The spirit of More was alive and dangerous. To Catholic minds there could be no surer evidence that the King was given over to the Evil One than leniency to heretics. They were the more disturbed to see how close the intimacy had grown between him and the Pope's representative. The Nuncio was constantly closeted with Henry or the Council. When Chapuys remonstrated, he said "he was a poor gentleman, living on his salary, and could not do otherwise." "The Pope had advised him to neglect no opportunity of promoting the welfare of religion." "Practices," Chapuys ascertained, were still going forward, and the Nuncio was at the bottom of them. The Nuncio assured him that he had exhorted the King to take Catherine back. The King had replied that he would not, and that reconciliation was impossible. Yet the secret communications did not cease, and the astonishment and alarm increased when the Nuncio consented to accompany the King to the opening of Parliament. He was conducted in state in the Royal barge from Greenwich. Henry sate on the throne, the Nuncio had a chair on his right, and the French Ambassador on his left. The object was to show the nation how little was really meant by the threat of exconmiunication, to intimidate the Bishops, and to make the clergy understand the extent of favour which they could expect from the Nuncio's master. The Nuncio's appearance was not limited to a single occasion. During the progress of the Session he attended the debates in the House of Commons. Norfolk gave him notice of the days on which the Pope would not be directly mentioned, that he might be present without scandal. The Duke admitted a wish for the world to see that the King and the Court of Rome understood each other. "By this presumption," said Chapuys, "they expect to make their profit as regards the people and the prelates who have hitherto supported the Holy See, who now, for the above reason, dare not speak, fearing to go against the Pope."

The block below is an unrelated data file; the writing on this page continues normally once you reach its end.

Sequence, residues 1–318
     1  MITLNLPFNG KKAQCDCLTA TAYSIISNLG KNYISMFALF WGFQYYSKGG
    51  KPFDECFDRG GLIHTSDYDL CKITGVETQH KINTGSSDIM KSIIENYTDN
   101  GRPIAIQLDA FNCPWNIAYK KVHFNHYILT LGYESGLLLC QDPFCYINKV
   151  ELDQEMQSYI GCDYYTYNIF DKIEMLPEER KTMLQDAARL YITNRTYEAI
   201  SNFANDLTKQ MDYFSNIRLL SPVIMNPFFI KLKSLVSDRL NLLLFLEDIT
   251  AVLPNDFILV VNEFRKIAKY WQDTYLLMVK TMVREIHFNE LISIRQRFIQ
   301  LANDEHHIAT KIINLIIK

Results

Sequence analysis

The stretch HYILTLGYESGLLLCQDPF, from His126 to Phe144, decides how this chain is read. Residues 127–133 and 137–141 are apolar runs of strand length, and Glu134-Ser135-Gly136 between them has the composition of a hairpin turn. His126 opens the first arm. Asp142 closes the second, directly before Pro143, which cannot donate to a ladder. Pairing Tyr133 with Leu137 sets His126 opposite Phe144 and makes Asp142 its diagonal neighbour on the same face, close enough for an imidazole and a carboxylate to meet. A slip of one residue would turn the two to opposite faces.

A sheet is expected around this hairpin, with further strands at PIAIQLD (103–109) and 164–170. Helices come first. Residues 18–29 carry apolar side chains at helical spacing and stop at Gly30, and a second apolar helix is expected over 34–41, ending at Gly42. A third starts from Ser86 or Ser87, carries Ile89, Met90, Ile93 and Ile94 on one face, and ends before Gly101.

The world wondered and was satisfied. The Opposition was paralysed. The Bishop of Rochester complained to the Nuncio, and received nothing but regrets and promises which were not observed. Again, a council was held of Peers, Bishops, and lawyers to consider the divorce, when it was agreed at last that the cause might be tried in the Archbishop of Canterbury's court, and that the arrival of the Bulls would be accepted as a sign of the Pope's tacit connivance. Chapuys had failed to stop them. "The Queen," he said, "was thunderstruck, and complained bitterly of his Holiness. He had left her to languish for three and a half years since her appeal, and, instead of giving sentence, had now devised a scheme to prolong her misery and bastardise her daughter. She knew the King's character. If sentence was once given there would be no scandal. The King would obey, or, if he did not, which she thought impossible, she would die happy, knowing that the Pope had declared for her. Her own mind would be at rest, and the Princess would not lose her right. The Pope was entirely mistaken if he thought that he would induce the King to modify his action against the Church. The Lady and her father, who were staunch Lutherans, were urging him on. The sentence alone would make him pause. He dared not disobey, and if the people rose the Lady would find a rough handling." This, Chapuys said, was the Queen's opinion, which she had commanded him to communicate to the Emperor. For himself, he could only repeat his request that the Bulls for Canterbury should be delayed till the sentence was ready for delivery. If the Pope knew Cranmer's reputation as a heretic, he would be in no haste to confirm him.